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Low oxygen levels near Table Rock Dam threaten trout industry

Sunday, August 15, 2010 | 6:46 p.m. CDT; updated 7:00 p.m. CDT, Sunday, August 15, 2010

LAKE TANEYCOMO — The oxygen levels in cold water rushing through power-generating turbines at Table Rock Dam in southwest Missouri are so low that the multimillion trout fishery at Lake Taneycomo downstream is in danger, state conservation officials said.

The Springfield News-Leader reports that the problem is especially acute in late summer and fall, when oxygen levels coming out of the dam can drop as low as 2 parts per million or less. Missouri Conservation Department fisheries biologist Shane Bush said the fish need at least 6 parts per million to thrive.

"The fish don't eat," he said. "It affects how quick they grow and they really get lethargic. Fish that are hooked won't fight well, and if they're released they're usually exhausted to the point they might not recover. They often die."

Lake Taneycomo has been declared an "impaired waterway" since 2008 because of the oxygen levels.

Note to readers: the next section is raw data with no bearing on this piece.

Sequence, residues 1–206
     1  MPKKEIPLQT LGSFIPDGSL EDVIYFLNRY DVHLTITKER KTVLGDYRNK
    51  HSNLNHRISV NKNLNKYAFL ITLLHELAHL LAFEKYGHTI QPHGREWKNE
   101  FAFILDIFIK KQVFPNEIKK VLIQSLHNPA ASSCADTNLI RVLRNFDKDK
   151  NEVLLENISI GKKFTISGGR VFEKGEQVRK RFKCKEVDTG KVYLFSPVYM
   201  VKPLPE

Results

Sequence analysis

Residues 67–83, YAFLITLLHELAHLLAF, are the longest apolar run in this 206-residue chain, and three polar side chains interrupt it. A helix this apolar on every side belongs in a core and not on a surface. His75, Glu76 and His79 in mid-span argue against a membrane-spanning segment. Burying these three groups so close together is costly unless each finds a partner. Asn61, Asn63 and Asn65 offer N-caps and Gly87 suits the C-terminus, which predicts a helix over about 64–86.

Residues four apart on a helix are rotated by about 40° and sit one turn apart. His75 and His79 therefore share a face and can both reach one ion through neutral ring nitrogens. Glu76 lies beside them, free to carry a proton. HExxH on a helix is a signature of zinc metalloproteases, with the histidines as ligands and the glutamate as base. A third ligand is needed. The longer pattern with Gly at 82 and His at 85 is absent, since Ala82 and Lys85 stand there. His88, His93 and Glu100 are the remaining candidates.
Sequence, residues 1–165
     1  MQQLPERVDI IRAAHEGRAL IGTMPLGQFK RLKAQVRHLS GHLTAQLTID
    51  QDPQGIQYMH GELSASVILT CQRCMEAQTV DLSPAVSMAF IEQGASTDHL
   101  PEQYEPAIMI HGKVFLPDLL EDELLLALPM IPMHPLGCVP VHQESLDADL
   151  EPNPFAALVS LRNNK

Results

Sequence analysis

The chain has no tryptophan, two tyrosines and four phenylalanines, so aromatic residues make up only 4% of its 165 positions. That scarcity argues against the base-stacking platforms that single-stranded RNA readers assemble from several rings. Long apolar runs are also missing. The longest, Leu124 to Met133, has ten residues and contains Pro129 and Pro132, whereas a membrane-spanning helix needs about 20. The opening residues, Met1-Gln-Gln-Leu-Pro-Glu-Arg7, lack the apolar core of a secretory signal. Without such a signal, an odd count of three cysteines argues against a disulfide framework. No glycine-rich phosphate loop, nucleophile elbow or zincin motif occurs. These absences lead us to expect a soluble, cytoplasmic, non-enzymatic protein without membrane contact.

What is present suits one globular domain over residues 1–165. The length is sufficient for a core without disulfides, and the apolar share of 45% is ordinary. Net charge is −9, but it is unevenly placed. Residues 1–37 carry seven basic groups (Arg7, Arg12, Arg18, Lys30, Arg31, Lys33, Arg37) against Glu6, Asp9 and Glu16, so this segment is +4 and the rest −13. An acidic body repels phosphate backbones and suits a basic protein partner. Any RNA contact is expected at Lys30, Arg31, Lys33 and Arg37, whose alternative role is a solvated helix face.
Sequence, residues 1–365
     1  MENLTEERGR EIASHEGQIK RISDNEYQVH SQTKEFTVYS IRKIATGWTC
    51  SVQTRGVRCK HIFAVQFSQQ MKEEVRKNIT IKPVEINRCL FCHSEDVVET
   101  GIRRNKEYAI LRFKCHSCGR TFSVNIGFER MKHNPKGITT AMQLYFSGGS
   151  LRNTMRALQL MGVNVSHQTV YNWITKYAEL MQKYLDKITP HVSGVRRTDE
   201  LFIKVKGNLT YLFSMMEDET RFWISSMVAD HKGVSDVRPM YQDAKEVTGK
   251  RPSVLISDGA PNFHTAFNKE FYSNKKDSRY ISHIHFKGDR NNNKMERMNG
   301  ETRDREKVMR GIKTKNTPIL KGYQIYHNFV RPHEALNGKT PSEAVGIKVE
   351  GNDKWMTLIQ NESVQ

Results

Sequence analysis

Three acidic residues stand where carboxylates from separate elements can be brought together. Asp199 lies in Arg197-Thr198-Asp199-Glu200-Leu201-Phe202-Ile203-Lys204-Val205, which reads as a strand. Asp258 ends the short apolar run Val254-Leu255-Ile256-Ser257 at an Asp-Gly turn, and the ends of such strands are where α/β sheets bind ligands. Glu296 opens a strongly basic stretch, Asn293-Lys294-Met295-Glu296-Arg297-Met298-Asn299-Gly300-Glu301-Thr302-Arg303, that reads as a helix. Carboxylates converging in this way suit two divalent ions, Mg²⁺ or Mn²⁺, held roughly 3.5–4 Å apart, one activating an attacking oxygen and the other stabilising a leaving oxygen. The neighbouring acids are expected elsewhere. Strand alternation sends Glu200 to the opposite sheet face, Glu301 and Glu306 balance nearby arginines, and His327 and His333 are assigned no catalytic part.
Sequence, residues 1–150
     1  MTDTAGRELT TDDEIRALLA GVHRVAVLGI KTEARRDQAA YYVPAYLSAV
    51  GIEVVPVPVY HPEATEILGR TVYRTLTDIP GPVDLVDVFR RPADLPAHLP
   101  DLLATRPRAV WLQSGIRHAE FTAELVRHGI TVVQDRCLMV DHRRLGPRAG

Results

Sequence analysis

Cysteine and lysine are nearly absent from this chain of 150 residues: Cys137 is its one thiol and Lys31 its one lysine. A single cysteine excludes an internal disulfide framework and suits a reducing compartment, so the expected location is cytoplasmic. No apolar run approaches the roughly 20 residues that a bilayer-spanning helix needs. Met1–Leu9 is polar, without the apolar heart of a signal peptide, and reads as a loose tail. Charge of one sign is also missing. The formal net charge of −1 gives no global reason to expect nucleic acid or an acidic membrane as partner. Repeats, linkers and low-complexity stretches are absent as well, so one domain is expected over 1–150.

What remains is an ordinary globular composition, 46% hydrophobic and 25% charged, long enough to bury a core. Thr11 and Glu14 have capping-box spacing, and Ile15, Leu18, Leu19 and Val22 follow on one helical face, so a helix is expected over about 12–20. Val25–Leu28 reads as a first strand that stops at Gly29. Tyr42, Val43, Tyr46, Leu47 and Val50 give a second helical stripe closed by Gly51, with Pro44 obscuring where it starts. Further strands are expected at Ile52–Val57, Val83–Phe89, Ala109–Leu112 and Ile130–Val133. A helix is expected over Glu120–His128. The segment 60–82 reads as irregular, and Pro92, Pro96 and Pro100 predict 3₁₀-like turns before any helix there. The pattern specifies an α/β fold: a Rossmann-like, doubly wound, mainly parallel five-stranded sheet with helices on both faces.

A 2004 Missouri Department of Conservation report estimated that the trout fishery contributes nearly $15 million a year to the local economy.

The federal Environmental Protection Agency has ordered the Missouri Department of Natural Resources to turn in a final report, including public comments, by the end of the year. The 90-page report will detail details the oxygen problem and some potential solutions.

Bush said a large tank of liquid oxygen is being used to oxygenate water at the Shepherd of the Hills Hatchery adjacent to Table Rock Dam. The water then flows into Lake Taneycomo.

"In October and November, when oxygen in water from the dam is typically at its lowest, fish congregate at our hatchery water outflows," Bush said. "It's not an exaggeration — it looks like you can walk across the backs of those fish that are there breathing oxygen we diffused into our water."

The problem goes away in the winter when oxygen-rich surface water at Table Rock Lake mixes with the deep oxygen-depleted water. Bush said oxygen levels get up to 10 or 12 parts per million in February through March.

"You'll really notice the difference in how hard a fish fights," he said. "They also look a lot healthier and fatter."


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